- The analysis conducted suggested there may be issues with the use of non-competitive contracting. Consequently, and as per subsection 4(1) of the Procurement Ombudsman Regulations (the Regulations), the Procurement Ombudsman determined there were reasonable grounds to review non-competitive contracts.
- Although Section 10.1 of the TB Contracting Policy states competition should be the norm, Section 10.2.1 of the TB Contracting Policy recognizes the four exceptions specified in the Government Contract Regulations (GCRs) that allow federal organizations to set aside the requirement to solicit bids through a competitive process. The four exceptions are:
- “The need is one of pressing emergency in which delay would be injurious to the public interest;
- the estimated expenditure does not exceed:
- $100,000, where the contract is for the acquisition of architectural, engineering and other services required in respect of the planning, design, preparation or supervision of the construction, repair, renovation or restoration of a work, or
- $100,000 where the contract is to be entered into by the member of the Queen's Privy Council for Canada responsible for the Canadian International Development Agency and is for the acquisition of architectural, engineering or other services required in respect of the planning, design, preparation or supervision of an international development assistance program or project;
- the nature of the work is such that it would not be in the public interest to solicit bids; or
- only one person or firm is capable of performing the contract.”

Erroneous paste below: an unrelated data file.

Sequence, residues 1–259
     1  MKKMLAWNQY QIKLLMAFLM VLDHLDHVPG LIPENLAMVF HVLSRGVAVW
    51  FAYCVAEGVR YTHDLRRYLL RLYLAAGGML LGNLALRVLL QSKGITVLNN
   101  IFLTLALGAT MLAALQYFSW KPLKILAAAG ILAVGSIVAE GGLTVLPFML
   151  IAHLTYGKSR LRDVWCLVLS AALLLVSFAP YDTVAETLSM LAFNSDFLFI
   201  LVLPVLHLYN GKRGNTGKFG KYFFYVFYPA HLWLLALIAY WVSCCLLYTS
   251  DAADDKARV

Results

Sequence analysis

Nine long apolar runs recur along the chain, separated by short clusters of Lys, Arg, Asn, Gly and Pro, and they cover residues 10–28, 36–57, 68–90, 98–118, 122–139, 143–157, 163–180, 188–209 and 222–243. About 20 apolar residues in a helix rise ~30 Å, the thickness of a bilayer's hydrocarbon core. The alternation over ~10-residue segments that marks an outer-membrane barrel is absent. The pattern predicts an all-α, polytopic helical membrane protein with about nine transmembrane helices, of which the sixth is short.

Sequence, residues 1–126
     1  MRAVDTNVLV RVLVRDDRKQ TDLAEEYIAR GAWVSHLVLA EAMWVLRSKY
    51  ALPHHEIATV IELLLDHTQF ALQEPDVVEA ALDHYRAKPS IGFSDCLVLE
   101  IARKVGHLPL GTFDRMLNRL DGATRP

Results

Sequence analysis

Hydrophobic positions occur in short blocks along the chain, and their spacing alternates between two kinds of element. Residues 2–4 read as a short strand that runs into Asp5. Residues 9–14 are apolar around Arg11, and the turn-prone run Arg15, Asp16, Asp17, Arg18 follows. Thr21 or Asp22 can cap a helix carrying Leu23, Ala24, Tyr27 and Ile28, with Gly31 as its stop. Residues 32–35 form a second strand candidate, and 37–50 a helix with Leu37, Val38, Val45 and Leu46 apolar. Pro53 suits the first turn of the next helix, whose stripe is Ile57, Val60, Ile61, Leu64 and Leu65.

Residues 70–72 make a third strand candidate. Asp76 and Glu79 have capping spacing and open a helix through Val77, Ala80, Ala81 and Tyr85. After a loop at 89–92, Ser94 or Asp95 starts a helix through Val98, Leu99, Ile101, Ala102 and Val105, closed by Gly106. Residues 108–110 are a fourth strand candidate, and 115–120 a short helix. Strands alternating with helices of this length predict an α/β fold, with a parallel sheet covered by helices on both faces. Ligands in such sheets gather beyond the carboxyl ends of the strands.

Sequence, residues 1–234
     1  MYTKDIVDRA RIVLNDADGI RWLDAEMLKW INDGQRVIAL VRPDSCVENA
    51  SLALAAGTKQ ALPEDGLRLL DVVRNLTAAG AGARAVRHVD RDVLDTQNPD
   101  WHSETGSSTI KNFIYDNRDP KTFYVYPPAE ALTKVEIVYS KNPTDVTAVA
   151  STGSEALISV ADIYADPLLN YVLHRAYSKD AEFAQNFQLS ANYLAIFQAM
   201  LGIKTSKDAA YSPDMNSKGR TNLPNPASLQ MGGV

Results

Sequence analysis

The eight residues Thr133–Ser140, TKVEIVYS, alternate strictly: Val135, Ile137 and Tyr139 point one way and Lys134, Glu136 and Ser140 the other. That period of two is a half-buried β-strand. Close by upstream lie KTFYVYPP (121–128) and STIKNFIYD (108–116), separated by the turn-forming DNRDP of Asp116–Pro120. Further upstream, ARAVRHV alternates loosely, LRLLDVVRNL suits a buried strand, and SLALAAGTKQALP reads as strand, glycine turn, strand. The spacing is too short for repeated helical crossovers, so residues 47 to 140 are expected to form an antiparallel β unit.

- Exception b) allows federal organizations to enter into non-competitive contracts if the values of these contracts fall within the specified financial thresholds. In instances where exception a), c), or d) are invoked, the value of the non-competitive contract into which a federal organization may enter must fall within the authority delegated to that federal organization. Appendix C of the TB Contracting Policy specifies the basic contracting limits and exceptions for non-competitive contracts and amendments to non-competitive contracts for federal organizations.
- The authority to enter into a contract on behalf of the federal government is set out in the DPWGSA, the Financial Administration Act (FAA) and the enabling legislation of federal organizations.
- The DPWGSA gives the Minister of Public Services and Procurement the sole authority to purchase goods. The authority to purchase goods has been delegated by the Minister of Public Services and Procurement to the ministers of federal organizations, with most federal organizations delegated the authority to purchase goods up to $25,000.
- The minister of a federal organization receives authority to acquire services through the organization’s enabling legislation. Procurement officers and program managers, in turn, receive their authority to enter into contracts and make amendments to contracts through an instrument known as the Delegation of Authorities, which is approved by the minister of the federal organization.
- Maximum delegated authority limits have been specified in Appendix C of the TB Contracting Policy. Some federal organizations have been delegated a higher authority to enter into non-competitive contracts for certain goods or services because of their operational needs. If the value of a non-competitive contract exceeds a department’s delegated authority, the department may request that Public Services and Procurement Canada conduct the procurement or it must obtain approval from the Treasury Board of Canada.
Review objective and criteria
- The objective of this procurement practice review was to determine whether non-competitive contracts and associated amendments were issued in a manner consistent with applicable sections of the TB Contracting Policy, the FAA and regulations made under it, and supported the principles of fairness, openness and transparency, which the OPO defines as follows: